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The portrayal of disabled characters in mainstream film has had an uneven history. Actors like Dustin Hoffman (“Rain Man”) and Tom Hanks (“Forrest Gump”) have been praised for their depictions of people afflicted with mental and physical disabilities, but too often, in films ranging from 1932’s “Freaks” to 2008’s “Tropic Thunder,” one-dimensional portraits or insensitivity toward the disabled have been the norm.
Hoping to steer clear of stereotypes, the citywide ReelAbilities Film Festival, which kicks off on Feb. 9 in Manhattan and includes several screenings in Queens, seeks “to change perceptions in our society and to bring to the spotlight a large minority in America that is often shied away from,” according to Isaac Zablocki, the fest’s co-founder.
Her middle name is Love and that’s not the only thing that sets Nina McConnell-Honore apart. She was the first Queens baby born in 2012.
Proud parents Rose Honore and Duane McConnell from St. Albans welcomed the 7-pound 10-ounce bundle of joy at 12:18 a.m. on Sunday at New York Hospital Queens in Flushing.
U.S. Senator Kirsten Gillibrand (D-New York) was the headline speaker on Sunday at the 42nd annual Ruth and Arthur Coller Memorial Lecture at the Hillcrest Jewish Community Center in Flushing.
The breakfast has been sponsored by Edmond and Dr. Barry Coller since 1970 in memory of their parents. Ellen Miller, co-chairwoman of the event, said the Collers were very active in Democratic politics.
From Astoria to Sunnyside to Long Island City, residents of western Queens commemorated the 10th anniversary of 9/11 last week.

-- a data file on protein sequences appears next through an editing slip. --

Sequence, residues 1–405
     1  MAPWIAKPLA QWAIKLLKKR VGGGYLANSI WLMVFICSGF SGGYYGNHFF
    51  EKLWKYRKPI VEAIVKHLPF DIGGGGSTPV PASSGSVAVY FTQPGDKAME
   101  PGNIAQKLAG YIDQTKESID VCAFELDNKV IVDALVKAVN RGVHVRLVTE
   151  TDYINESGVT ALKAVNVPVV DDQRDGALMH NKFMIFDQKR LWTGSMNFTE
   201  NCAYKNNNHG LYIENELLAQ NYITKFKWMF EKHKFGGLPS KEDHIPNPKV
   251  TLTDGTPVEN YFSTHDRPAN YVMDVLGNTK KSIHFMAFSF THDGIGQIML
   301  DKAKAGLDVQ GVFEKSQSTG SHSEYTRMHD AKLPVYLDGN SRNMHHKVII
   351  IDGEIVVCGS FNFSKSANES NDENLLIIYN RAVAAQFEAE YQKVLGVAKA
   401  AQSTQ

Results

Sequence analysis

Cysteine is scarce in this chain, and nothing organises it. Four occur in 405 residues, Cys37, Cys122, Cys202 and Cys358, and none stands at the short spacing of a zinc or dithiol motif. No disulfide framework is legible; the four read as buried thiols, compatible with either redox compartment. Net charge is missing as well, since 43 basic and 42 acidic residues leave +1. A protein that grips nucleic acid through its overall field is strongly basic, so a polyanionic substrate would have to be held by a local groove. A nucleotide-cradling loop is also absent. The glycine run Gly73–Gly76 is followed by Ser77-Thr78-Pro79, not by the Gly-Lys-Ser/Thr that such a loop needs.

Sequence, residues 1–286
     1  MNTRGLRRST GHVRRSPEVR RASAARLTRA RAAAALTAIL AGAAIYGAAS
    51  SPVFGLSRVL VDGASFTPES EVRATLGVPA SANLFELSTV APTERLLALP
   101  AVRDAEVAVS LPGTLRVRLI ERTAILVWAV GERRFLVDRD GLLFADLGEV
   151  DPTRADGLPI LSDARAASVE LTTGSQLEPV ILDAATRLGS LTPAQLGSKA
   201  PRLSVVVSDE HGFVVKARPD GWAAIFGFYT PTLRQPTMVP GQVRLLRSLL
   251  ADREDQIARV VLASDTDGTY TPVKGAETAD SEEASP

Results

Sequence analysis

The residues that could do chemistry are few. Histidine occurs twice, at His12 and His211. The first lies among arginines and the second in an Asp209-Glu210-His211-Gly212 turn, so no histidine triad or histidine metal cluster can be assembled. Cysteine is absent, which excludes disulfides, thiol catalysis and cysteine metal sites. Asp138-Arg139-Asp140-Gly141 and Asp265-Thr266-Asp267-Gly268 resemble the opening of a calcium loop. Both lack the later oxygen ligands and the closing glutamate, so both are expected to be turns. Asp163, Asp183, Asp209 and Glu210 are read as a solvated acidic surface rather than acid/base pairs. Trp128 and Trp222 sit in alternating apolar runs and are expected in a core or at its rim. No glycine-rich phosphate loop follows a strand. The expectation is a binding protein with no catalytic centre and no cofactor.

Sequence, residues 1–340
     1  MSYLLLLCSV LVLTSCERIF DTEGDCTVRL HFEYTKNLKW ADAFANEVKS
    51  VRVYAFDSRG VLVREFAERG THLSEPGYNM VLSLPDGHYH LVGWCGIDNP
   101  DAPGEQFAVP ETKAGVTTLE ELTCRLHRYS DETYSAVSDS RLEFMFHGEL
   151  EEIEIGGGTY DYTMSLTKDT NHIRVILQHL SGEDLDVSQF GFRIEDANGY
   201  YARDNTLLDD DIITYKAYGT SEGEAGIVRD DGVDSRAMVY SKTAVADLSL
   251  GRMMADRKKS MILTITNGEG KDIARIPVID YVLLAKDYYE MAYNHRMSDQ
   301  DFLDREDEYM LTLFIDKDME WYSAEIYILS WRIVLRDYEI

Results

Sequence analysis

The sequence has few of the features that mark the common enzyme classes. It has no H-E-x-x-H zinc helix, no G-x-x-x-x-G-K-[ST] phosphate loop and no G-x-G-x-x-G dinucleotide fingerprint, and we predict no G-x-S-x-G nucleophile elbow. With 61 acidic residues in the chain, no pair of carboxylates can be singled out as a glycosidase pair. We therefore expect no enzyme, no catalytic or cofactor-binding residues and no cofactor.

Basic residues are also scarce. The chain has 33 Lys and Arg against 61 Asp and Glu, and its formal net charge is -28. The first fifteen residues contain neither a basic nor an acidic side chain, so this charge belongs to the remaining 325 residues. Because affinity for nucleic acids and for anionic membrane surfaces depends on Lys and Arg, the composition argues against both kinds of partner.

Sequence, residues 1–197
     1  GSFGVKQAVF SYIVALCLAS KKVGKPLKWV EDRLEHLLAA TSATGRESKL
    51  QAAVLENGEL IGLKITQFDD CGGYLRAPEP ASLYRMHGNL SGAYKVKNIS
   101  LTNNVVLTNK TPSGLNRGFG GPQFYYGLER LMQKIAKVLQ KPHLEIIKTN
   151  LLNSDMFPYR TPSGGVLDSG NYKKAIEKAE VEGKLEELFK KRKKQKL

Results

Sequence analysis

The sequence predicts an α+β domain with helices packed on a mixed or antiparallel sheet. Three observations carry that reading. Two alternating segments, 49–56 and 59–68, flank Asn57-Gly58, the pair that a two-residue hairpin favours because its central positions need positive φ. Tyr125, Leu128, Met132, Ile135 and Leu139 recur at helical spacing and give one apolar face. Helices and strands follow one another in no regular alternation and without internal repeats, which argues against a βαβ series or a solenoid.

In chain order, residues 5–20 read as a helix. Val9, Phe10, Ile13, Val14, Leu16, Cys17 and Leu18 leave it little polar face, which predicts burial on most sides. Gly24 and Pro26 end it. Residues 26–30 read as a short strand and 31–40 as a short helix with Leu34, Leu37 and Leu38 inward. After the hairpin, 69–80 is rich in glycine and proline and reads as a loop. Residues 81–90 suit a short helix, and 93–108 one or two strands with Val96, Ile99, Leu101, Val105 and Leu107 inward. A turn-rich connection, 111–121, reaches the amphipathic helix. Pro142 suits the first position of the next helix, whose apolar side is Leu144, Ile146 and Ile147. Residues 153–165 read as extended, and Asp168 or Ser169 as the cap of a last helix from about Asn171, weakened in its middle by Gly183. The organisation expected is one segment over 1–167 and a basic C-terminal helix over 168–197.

A “Never Forget” mural appeared at 5Pointz, the graffiti building in LIC, while another mural honoring Woodside residents who died was unveiled on 61st Street at Roosevelt Avenue.
Say it in English
Mayor Mike Bloomberg announced plans to provide mass transit information via the city’s 311 system while touring a Department of Information Technology and Telecommunications call center last Thursday.
A sad day for N.Y.
The second part of Teresa Margolles’ Operativo exhibit opened last Friday at the Y Gallery in Jackson Heights; and if the first part veered toward the intellectual, the second part works much more on the visceral level. It consists of a painting called "Pintura de Sangre,"or "Painting In Blood." While Margolles’ previous work has often had a raw, even shocking effect, this painting has a more subdued, abstracted impact.
Bustling Jackson Heights is known for its garden apartments, ethnic eateries and parades. It’s a diverse community of immigrants where saris and samosas are as easily had as arepas. But something novel appeared on 85th Street during this summer’s swelter, inside a former street level office—a white walled, boutique art space.
Getting help from the city shouldn’t be a chore. It should be as easy as picking up the phone and dialing one number to get in touch with any service you need. Now it is that easy. The city has launched the 311 Citizen Service Hotline, which provides easy access to all non-emergency services in the city. (Remember, for an emergency, you still should dial 911.)
We are, without a doubt, in the midst of what could be considered a golden age for rock music in New York City.
Automobile leasing is becoming a popular method to finance a new vehicle.
Growing older, which is commonly associated with medical problems, inactivity and other negative conditions, can also be a time of wisdom, grace and peace. The 15 portraits of elderly people on exhibit at the Jamaica Center for Arts and Learning focus on the positive aspects of aging.